Why Can’t I Concentrate? Corona Anxiety Is Real
This is a contribution by Brisbane Psychologist Dr Rachel Hannam
For millions of people around the world with existing trauma or anxiety disorders, the Coronavirus pandemic can be a psychological nightmare. But what about the rest of us? Feeling a bit…off? Thinking… “Why can’t I concentrate?” You may find it’s not just your child struggling to concentrate while working at home. Coronavirus Anxiety is sweeping the nation faster than the bug itself.
Why can’t I concentrate?
Humans are hard-wired to avoid danger and seek a sense of control over their lives. The rapid onset of Coronavirus-related disruptions and the accompanying uncertainties have removed this perceived control, along with any sense that we can predict the future. This can cause your emotional and mental state to become less coherent, and your ability to concentrate, relax and sleep is almost bound to be affected.
”Corona Anxiety” has a name – it’s Hypervigilance
There is a name for what many of us are feeling: hypervigilance. Hypervigilance puts you on high alert. It is an enhanced state of sensory sensitivity characterised by increased adrenaline and cortisol, which in turn increases your heart rate, muscle tension and blood pressure, and causes shallow breathing.
The fight-flight centres of our brain become highly responsive to stimuli that might be threatening in some way. We may become preoccupied with particular thoughts or find ourselves scanning the environment to search for sights, sounds, people, behaviours, information, or anything else that is reminiscent of danger or trauma.
At present, this might include scanning your environment for signs of people coughing or potential contamination. It might just as easily look like compulsively scanning news sites and social media for the latest updates. This is how ancient survival mechanisms manifest in a modern age.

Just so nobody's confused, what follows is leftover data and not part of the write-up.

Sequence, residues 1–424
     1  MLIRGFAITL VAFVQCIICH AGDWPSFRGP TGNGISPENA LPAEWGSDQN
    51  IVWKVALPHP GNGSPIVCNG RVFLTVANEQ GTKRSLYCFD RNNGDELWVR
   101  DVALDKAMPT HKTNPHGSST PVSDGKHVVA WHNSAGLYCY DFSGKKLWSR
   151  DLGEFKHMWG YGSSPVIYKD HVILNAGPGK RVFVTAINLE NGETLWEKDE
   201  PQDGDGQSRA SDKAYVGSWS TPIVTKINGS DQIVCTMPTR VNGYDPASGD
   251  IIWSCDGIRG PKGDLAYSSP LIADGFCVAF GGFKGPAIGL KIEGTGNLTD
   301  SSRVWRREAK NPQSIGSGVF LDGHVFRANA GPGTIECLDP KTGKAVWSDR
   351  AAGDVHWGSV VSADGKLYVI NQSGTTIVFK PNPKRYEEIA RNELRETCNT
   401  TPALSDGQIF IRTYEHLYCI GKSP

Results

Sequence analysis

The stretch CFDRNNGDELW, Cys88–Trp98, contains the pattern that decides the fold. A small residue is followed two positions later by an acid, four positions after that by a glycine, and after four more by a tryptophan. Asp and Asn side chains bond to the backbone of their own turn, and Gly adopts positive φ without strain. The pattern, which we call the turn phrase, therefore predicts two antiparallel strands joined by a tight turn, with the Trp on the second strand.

Signs of Coronavirus-related hypervigilance
Hypervigilance can lead to erratic emotional and behavioural patterns, as well as producing difficulties with social interaction and relationships. People may have trouble fully connecting with their surroundings or their family. They can become agitated or have a difficult time falling or staying asleep. They may use unhealthy coping mechanisms, such as drinking or eating too much. All this will eventually lead to exhaustion.
For kids, it can manifest in emotional meltdowns and a reluctance or outright refusal to complete tasks, including their home study tasks. It’s important to know that your hypervigilance is based on biological instincts, not your conscious choices. Your child isn’t “being naughty” – they may simply be responding to their own anxiety. This pandemic has shifted our immediate priorities, and such an abrupt and unanticipated change can be very stressful.
Healthy coping mechanisms become more important than ever
• Exercise helps use up all that stressful adrenaline in your system. Do yoga, go walking, dance around your living room.
• Laughter is a great form of release. Watch funny movies, sitcoms, or listen to comedy online.
• Kids need downtime too. Getting them out and about for a walk or play is great but (moderate) screen time can help them to relax too.
• Crying releases tension and expresses emotion. Sad movies help too!
• Hypervigilance makes you shallow breathe. Download one of the many mindfulness apps and practice 10 minutes of slow deep breathing at least twice a day.
• Constantly scrolling social media and obsessing about Coronavirus news will make you more anxious and less focused. Limit this in favour of the healthy coping mechanisms above.
Helping others feels good and can be a much-needed distraction. If you have the capacity, help your family and community cope with the increasingly difficult practicalities of life. Stay safe and remember: Stop thinking “Why can’t I concentrate?” or worse, reprimanding your children for their lack of focus. Get some fresh air and take a break from social media. We are all in this together.
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